Differential inhibition of cyclooxygenase isoforms: an explanation of the action of NSAIDs

J Clin Rheumatol. 1998 Oct;4(5 Suppl):s3-10. doi: 10.1097/00124743-199810001-00002.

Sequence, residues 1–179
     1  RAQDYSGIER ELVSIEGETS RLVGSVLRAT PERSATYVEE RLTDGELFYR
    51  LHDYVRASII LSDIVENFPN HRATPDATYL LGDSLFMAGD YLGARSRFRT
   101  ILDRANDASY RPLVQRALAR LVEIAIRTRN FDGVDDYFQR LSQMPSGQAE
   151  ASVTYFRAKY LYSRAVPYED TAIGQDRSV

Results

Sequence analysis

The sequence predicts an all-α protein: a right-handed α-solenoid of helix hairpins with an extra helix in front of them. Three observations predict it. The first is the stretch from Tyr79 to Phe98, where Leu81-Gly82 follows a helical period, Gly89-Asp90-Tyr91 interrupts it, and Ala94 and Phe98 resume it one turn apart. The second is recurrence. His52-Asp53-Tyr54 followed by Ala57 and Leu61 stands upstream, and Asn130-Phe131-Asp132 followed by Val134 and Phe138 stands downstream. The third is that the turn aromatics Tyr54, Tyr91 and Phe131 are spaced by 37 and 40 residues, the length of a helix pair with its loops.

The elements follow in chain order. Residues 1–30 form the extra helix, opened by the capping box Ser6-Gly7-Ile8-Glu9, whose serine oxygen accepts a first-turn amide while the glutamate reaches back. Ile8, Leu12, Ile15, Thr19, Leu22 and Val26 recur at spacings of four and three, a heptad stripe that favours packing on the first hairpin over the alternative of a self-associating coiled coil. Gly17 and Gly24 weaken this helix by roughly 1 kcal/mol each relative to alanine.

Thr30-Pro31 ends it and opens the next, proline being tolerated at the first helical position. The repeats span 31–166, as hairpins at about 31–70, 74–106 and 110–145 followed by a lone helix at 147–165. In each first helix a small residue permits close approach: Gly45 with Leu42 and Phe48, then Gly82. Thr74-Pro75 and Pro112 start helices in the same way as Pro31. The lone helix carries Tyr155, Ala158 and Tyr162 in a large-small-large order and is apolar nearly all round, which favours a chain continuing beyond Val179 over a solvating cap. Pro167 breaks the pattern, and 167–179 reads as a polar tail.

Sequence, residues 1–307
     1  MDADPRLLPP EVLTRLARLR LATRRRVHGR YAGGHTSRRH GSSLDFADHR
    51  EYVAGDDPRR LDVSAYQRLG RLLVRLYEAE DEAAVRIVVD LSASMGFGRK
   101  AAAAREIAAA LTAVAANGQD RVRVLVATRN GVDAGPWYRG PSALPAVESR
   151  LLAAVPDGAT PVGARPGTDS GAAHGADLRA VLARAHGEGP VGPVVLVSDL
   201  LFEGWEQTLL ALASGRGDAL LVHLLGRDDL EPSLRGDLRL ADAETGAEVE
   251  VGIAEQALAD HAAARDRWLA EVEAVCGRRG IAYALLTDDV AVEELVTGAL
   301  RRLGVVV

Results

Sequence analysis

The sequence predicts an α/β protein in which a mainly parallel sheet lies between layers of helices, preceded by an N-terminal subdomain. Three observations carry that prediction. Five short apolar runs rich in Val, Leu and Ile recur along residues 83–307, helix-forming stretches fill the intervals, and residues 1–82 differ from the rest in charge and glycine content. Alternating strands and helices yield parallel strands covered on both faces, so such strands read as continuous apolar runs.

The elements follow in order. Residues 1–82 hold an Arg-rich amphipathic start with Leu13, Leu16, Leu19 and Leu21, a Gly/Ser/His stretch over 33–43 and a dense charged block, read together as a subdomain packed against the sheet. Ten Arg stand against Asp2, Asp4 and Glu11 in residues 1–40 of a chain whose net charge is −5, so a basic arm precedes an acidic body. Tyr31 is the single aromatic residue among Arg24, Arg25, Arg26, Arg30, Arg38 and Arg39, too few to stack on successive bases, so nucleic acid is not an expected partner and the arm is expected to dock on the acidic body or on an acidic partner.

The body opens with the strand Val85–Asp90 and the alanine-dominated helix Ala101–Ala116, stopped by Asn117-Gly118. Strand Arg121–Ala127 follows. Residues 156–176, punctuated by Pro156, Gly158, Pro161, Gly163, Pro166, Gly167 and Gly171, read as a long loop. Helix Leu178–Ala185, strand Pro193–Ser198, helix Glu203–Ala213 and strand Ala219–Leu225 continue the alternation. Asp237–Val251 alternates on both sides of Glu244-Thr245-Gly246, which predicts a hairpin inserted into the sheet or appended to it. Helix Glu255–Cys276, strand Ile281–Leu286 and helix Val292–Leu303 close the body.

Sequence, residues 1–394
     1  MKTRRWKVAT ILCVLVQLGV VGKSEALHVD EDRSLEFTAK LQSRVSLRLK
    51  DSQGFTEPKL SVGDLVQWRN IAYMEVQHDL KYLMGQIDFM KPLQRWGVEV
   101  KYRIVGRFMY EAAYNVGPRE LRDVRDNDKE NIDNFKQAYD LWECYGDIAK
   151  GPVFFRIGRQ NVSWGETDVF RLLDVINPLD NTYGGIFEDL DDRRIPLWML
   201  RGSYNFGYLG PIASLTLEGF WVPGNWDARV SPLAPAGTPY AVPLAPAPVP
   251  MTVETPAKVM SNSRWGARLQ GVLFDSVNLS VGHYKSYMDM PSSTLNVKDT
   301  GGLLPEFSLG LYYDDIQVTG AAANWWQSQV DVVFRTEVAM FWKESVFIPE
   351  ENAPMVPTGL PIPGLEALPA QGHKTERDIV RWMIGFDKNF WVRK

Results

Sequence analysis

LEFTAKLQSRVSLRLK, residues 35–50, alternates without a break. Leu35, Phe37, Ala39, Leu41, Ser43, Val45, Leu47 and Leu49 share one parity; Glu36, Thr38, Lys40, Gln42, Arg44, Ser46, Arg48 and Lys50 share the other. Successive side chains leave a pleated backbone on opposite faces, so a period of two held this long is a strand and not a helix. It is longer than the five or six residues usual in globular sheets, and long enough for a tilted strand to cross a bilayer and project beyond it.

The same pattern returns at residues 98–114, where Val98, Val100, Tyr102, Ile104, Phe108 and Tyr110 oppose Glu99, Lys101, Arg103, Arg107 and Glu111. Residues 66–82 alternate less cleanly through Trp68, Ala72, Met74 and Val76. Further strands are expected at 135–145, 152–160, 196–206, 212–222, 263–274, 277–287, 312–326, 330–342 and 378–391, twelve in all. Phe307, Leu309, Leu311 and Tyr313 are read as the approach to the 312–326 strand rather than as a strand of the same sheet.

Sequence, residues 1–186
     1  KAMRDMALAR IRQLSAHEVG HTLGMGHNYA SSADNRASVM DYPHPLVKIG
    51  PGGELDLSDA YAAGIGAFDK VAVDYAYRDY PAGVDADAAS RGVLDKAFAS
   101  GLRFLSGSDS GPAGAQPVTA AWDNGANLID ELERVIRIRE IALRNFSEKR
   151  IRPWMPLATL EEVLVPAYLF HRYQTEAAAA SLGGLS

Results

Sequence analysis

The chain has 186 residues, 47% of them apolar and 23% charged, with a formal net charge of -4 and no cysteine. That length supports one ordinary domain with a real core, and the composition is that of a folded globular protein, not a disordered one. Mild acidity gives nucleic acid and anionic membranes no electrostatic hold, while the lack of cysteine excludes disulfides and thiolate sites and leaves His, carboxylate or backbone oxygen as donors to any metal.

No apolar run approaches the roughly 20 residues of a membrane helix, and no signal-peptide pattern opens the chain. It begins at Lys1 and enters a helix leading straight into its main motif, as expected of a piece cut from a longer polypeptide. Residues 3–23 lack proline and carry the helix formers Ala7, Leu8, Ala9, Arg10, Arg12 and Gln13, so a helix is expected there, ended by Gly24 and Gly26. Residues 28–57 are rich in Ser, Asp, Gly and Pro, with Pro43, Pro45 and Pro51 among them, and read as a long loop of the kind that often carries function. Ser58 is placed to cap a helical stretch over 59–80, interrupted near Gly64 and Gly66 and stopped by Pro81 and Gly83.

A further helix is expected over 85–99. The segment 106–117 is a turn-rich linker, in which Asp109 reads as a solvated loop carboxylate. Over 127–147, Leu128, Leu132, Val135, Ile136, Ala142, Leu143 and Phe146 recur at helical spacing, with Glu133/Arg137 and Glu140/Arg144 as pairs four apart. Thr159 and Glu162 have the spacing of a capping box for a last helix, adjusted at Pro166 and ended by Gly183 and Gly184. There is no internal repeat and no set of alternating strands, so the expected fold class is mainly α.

Salicylate-containing plants have long been used to alleviate fever and pain. The synthesis (in 1897) and marketing( in 1899) of acetylsalicylic acid (aspirin) were milestones in the treatment of inflammation. In the 1960s, other nonsteroidal anti-inflammatory drugs (NSAIDs) were introduced, having similar therapeutic actions and side effects. The elucidation of the mode of action of aspirin and other NSAIDs, through inhibition of prostaglandin biosynthesis, was another milestone that was reached in the 1971. It was the discover of the a second, inducible prostaglandin biosynthetic enzyme, cyclooxygenase-2 (COX-2), in 1991 that provided an explanation for the variations in toxicity of theses drugs; inhibition of COX-2 provides a therapeutic effect, whereas inhibition of COX-1 have higher toxicity than compound that are preferential or highly selective for the pro-inflammatory COX-2 isoform. Therefore, inhibition of COX-2 provides a target for the limitation of NSAID toxicity. The development and subsequent testing of preferential or highly selective COX-2 inhibitors further support the hypothesis and suggest that an effective NSAID without gastric toxicity is a realizable goal. In addition, these COX-2 selective compounds may be used as tools to define more clearly the functions of the tow isoforms.